In 1874, there was a rail accident in Great Britain where 21 people died. A railway engineer named Edward Tyre invented the tablet dispensing system. It makes sure a train has the ‘right of way’ on a single line. The Tyre tablet machine has 3 levels of indicator slides, line closed, train approaching and train on line. On the second slide it displays, fully home, withdrawn halfway and fully withdrawn. Each tablet is engraved with the name of a station. The operator at station A sends a ‘bell code’ to station B. If the line is clear Station B will reply with another bell code. Station A operator will then take the tablet, to be given to the oncoming train. Once the engine driver collects the tablet it is deposited at the forthcoming station and the drill continues through the rail journey. It is impossible for a train to enter a station without the corresponding tablet.

Circuit point repair  

Another interesting view from the train window was to see the Semaphore system at work. The Semaphore is a network of large mechanical arms that act as guiding colour lights to an approaching train. Years ago the signals were painted in red and blue - not green. The simple science behind this was that at night - the yellow glow from the oil lamp behind the signal manifested the blue glass as a green signal. Today, these Semaphore signals are made at the base workshop in Dematagoda. At present red and green luminous stickers are pasted, which can be picked up by the train’s powerful head light. Over the past few years the signals sub division has worked hard to upgrade some sections of train line with electric colour light systems. These can be spotted from Colombo to Rambukkana, Beliatta to Colombo, Ragama to Negombo, Anuradhapura to Kankesanthurai and Medawachchiya to Talaimannar. The mechanical Semaphore signal is in operation from Rambukkana to Badulla and Matale, from Mahawa to Trincomalee and Batticaloa also extending from Polgahawela to Anuradhapura. This large network of wires, circuits and signal points requires routine maintenance. The systems rely on electricity. In the event of a power failure the railway circuits have enough standby battery for 2 days, supplemented by generators. Signal work crews are deployed in every operating region to cover 5 stations a week. They travel on special railway trolley cars (on the tracks) to inspect and repair. At any given time trains travelling across the island can pass by 1 of 175 control stations. The signals sub division has to ensure the safety of all moving trains. Another safety element is the Inter-Locking system. The chief of signals elaborated, “The primary aim of inter-locking is to prevent train accidents at common diverging points. The signals and point mechanisms are locked together. At every 800 metre interval on the track we have a safety circuit”.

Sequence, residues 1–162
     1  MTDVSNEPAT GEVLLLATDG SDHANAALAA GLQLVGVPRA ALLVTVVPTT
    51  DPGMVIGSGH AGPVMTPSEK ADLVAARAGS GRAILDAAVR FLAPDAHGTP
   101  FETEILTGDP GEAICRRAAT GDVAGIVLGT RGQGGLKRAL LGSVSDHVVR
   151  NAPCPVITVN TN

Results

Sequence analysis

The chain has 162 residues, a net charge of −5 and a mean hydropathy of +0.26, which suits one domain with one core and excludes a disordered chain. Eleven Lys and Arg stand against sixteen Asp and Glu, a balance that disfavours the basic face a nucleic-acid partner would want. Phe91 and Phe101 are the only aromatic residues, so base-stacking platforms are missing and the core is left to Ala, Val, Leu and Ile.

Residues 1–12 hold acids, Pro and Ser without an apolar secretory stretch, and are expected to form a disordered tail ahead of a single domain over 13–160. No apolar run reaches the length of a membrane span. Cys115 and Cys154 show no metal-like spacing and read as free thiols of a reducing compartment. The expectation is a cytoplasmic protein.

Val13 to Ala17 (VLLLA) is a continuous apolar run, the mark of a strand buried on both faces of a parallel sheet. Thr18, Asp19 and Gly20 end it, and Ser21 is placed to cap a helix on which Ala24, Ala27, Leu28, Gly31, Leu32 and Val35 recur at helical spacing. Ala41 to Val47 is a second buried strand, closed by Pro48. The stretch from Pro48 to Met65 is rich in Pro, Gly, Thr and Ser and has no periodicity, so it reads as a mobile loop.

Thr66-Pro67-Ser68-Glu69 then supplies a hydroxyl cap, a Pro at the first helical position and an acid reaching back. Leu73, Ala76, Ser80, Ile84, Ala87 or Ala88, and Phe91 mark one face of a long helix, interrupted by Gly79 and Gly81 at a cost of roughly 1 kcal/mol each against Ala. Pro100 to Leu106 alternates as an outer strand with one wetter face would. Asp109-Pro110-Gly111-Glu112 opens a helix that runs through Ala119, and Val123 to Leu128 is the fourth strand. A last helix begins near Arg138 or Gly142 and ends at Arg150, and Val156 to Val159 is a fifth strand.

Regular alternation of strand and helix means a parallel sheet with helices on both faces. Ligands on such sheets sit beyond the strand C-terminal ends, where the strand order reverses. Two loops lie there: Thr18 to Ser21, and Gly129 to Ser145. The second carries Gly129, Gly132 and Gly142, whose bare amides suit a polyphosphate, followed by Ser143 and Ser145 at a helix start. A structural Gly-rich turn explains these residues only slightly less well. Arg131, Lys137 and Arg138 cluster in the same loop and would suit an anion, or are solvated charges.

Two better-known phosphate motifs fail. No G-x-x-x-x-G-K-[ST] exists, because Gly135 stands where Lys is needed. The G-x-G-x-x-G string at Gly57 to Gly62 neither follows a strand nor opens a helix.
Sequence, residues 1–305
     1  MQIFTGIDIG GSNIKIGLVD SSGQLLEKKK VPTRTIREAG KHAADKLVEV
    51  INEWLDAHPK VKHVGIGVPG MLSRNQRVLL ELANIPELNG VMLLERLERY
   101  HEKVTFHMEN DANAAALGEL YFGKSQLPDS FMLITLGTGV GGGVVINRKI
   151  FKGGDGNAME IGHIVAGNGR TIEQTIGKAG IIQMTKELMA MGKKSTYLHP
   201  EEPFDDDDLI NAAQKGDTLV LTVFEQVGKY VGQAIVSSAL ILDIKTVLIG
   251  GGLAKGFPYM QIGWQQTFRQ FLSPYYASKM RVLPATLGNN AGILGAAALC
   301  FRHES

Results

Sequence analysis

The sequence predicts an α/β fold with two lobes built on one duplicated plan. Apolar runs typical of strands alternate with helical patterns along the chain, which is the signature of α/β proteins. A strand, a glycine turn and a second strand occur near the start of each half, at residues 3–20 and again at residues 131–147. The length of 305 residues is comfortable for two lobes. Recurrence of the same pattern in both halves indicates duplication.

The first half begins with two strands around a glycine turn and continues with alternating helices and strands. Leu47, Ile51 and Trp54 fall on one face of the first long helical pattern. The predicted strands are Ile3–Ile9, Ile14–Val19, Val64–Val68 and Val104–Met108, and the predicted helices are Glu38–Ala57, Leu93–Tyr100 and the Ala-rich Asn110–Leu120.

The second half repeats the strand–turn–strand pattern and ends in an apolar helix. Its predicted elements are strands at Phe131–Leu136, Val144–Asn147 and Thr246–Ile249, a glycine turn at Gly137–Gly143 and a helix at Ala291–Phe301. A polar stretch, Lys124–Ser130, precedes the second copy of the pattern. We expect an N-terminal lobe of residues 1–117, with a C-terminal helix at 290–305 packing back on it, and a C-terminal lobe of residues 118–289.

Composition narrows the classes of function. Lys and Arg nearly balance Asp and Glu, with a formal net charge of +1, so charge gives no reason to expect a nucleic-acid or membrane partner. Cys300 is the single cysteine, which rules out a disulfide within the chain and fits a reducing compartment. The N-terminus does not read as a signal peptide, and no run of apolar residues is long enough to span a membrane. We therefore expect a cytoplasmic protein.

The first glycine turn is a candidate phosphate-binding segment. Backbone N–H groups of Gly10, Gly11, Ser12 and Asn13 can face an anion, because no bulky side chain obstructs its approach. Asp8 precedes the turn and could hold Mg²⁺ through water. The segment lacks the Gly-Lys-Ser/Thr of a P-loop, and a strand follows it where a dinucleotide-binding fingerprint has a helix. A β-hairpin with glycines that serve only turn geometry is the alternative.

Explaining further on the new innovations in railway signaling and telecommunication, he added, “We are proud to have upgraded the signal system from Polgahawela to Kurunegala an extent of 23 kilometres. This project was planned, designed and installed by our own team. It is 90% complete at present. We also have plans to upgrade verbal communication between trains and main stations. We hope to enhance the PABX at Maradana control division and also introduce new mobile radio system for the train engine driver.” Signals and Telecommunication sub-division will continue to upgrade and enhance their contribution to Sri Lanka Railways.